9. The apparatus according to claim 8 wherein said digital excitation signals comprise together a digital representation of a linear amplitude ramp.

10. The apparatus according to claim 6 wherein said unbiased weighting coefficient of the m^{th} bit of a digital-to-analog converter under test is represented by: ##EQU11## where a_{m} is the output response weighting coefficient of the m^{th} bit; and

α.sbsb..sub. m is the premeasured weighting coefficient of the _{2} m^{th} order output of said analog-to-digital converter, and wherein said correcting means is operative to multiply the output response weighting coefficient of the m^{th} bit by the stored value 2^{m} /α_{2} m for each m^{th} bit in order to obtain the unbiased weighting coefficient of the m^{th} bit which is the calibration of the DAC under test.

Description

This application is a continuation-in-part of copending patent application Ser. No. 204,979, filed Nov. 7, 1980.

1. Field of Invention

This invention relates to automatic test systems for digital electronic converters and particularly to statistical methods and related electronic apparatus for testing digital-to-analog converters.

Converters between the digital and analog signal domains are employed to interface digital electronic circuitry and analog devices. Accuracy of conversion, gain and repeatability in the process of conversion are matters of concern. One method of testing a digital-to-analog converter is to apply a digital signal to its input to obtain an analog output signal, and then to apply the analog output signal to the input of an analog-to-digital converter to recover a digital signal and then to compare the digital output signal with a standard such as the digital input signal or to process the output signal to determine its statistical characteristics. The characteristics of the output signal in terms of a statistical description provide an indication of the accuracy of the digital-to-analog converter.

2. Description of the Prior Art

State of the art testing techniques for digital converters are generally limited to tesing, in the case of digital-to-analog converters, a few states such as the simple binary weights and full-scale amplitude. Substantially all tests are static in nature and are incapable of providing a complete statistical evaluation of a converter.

Recently dynamic testing techniques have been suggested for limited purposes. An example is a method proposed by L. F. Pau and presented in a paper entitled "Fast Testing and Trimming of A/D and D/A Converters in Automatic Test Systems" at the 1978 IEEE Autotest Conference. Pau suggested analyzing the error signal with Walsh functions. The error signal is obtained by comparing to a reference device. Other known evaluation methods also presupposed the use of an ideal reference device, such as an analog-to-digital converter having a linear transfer characteristic, the output response of which is employed with the output response of a device under test to generate an error signal from which an evaluation of performance is made. A device built according to the technique suggested by Pau is therefore limited by the accuracy of the reference device.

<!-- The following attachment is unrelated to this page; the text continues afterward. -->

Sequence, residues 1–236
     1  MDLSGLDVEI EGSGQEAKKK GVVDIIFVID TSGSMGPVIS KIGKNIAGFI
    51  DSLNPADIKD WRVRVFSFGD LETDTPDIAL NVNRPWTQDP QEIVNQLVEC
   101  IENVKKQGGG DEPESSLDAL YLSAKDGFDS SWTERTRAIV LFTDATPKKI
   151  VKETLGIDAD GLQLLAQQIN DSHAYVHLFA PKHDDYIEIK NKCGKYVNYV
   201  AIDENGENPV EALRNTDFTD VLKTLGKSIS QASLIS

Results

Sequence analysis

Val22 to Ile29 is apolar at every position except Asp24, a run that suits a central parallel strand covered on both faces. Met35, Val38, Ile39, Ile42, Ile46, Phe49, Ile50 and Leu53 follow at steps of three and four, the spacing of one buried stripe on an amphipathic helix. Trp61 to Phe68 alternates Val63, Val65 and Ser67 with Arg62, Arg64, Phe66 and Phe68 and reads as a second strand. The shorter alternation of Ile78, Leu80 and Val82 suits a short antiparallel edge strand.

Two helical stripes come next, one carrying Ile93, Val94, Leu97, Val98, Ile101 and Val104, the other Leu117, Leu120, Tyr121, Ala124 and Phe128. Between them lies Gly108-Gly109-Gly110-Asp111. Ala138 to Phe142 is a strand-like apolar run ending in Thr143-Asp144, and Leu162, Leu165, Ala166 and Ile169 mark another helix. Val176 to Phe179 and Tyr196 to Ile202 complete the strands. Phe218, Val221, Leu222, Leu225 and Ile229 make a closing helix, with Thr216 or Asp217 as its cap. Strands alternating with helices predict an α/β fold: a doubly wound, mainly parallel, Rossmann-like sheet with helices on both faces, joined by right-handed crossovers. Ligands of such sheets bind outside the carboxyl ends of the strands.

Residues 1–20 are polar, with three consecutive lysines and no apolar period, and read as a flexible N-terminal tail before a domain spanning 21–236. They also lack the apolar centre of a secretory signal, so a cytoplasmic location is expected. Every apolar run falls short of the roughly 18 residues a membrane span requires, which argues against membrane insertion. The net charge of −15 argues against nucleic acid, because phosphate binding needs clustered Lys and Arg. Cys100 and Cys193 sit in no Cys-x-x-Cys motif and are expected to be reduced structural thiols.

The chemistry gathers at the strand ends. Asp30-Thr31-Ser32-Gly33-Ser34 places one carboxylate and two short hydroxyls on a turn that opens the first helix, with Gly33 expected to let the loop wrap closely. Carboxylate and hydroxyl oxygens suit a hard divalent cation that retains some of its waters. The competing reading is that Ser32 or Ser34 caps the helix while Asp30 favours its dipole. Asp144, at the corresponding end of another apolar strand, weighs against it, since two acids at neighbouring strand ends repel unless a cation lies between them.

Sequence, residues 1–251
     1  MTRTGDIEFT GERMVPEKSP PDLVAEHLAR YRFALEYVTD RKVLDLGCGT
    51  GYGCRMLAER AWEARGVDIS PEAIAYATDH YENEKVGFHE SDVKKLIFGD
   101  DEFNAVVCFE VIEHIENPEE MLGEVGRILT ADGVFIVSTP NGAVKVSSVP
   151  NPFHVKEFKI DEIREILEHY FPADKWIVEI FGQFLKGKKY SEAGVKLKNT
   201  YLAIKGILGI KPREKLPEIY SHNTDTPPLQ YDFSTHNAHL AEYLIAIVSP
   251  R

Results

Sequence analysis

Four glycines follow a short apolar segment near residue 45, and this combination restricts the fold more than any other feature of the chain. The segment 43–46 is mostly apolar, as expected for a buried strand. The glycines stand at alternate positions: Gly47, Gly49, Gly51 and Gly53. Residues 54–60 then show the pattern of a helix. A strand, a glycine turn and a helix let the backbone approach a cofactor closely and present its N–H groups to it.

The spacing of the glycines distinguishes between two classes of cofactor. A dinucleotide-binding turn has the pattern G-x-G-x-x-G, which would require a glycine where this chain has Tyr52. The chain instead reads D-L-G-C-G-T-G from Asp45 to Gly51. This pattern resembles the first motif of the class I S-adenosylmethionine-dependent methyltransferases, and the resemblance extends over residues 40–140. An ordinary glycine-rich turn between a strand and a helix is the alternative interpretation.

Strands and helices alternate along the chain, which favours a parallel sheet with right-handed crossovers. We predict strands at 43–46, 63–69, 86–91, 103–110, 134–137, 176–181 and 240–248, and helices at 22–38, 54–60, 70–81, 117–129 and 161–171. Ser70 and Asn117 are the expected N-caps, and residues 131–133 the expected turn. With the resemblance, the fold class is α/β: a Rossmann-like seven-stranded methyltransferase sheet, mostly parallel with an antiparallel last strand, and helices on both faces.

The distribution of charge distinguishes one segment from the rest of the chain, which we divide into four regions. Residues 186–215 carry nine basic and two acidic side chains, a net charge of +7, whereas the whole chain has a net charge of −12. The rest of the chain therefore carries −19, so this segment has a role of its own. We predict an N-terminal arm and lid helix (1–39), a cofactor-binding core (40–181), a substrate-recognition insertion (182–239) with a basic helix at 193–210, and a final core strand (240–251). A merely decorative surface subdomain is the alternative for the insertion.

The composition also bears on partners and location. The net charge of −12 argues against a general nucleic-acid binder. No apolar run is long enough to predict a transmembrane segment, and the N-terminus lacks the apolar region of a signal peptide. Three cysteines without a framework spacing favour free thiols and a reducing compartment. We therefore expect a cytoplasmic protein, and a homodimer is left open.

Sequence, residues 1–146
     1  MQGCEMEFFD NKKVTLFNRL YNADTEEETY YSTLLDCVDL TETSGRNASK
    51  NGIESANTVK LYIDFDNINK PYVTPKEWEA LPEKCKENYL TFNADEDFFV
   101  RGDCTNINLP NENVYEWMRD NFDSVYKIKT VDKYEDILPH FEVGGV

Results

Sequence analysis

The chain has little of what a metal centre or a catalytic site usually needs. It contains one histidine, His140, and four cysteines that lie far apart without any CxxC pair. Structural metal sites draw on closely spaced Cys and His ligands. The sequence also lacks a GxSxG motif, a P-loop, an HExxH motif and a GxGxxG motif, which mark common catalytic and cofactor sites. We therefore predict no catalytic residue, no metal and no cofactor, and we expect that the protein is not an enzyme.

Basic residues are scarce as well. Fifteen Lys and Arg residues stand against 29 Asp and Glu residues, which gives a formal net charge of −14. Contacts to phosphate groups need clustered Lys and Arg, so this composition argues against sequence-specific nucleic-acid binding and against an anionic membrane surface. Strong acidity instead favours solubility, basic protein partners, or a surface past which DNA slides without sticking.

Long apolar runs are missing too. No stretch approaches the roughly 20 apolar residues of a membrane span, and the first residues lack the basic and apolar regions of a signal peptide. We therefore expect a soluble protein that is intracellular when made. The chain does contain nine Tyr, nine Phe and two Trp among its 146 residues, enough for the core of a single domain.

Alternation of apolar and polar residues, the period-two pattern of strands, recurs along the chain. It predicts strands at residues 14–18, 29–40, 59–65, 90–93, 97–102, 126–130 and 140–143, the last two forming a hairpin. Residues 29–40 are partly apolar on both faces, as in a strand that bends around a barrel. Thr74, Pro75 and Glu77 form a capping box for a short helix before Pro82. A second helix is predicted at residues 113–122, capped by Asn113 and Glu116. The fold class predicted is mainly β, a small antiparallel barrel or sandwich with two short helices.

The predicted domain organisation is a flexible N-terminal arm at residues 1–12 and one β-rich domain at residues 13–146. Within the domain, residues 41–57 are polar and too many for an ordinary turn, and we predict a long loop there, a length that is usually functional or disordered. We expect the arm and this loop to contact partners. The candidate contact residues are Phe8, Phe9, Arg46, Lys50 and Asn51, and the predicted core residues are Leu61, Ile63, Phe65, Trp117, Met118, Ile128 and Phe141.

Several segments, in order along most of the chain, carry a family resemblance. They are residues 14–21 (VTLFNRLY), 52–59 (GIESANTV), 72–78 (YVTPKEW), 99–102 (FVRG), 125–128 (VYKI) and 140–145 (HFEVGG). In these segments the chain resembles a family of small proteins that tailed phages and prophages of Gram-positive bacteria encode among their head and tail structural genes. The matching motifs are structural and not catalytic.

One of the concerns of prior art converter testing methods has been an inability to distinguish between signal-induced biases or errors and biases or errors inherent in the testing devices. Accordingly, much effort has been devoted to linearization of the excitation signals and of the transfer characteristics of the measuring devices, such as the analog-to-digital converter used to detect the output of the digital-to-analog converter under test. The present invention represents a departure from this effort to idealize the testing equipment.

3. Cross-Reference to Related Application

In the copending parent patent application entitled "Method and Apparatus for Digital Converter Testing," a method and apparatus are disclosed for dynamically testing the overall performance characteristics of both digital-to-analog converters and analog-to-digital converters. The method comprises dynamically exercising an analog or digital converter with, respectively, analog or digital signal patterns which can be characterized as the sum of a set of mutually orthogonal two-state functions of defined amplitudes, the sum having substantially uniform amplitude distribution over the allowable states of the amplitude range in order to exercise substantially all allowable converter states of concern at random times. Thereafter, the response of the converter under test is examined for a number of basic performance parameters, including total distortion, linearity and optimum gain. The method described therein yields a relatively complete statistical description of the performance characteristics. The disclosure of that application is incorporated herein by reference and made a part hereof.

According to the invention, a digital-to-analog converter (DAC) is calibrated by exciting the digital inputs from an exciter which generates, at each bit input, a known two-state signal which is orthogonal with respect to all other excitation signals, the sum of the excitation signals representing a single signal with uniform amplitude probability with respect to time. Such a set of digital signals is a maximum entropy sequence. The analog output signal of the DAC under test is then provided to an analog-to-digital converter which has been calibrated by premeasured weighting coefficients with respect to two state orthogonal signals. The digital time domain output signals of the analog to digital converter are then mapped into or transformed to a transform domain to obtain weighting coefficients of each bit of the output response. Finally the transform domain weighting coefficients are weighted by the reciprocal of the premeasured weighting coefficients to obtain the unbiased weight of each bit of the digital to analog converter under test.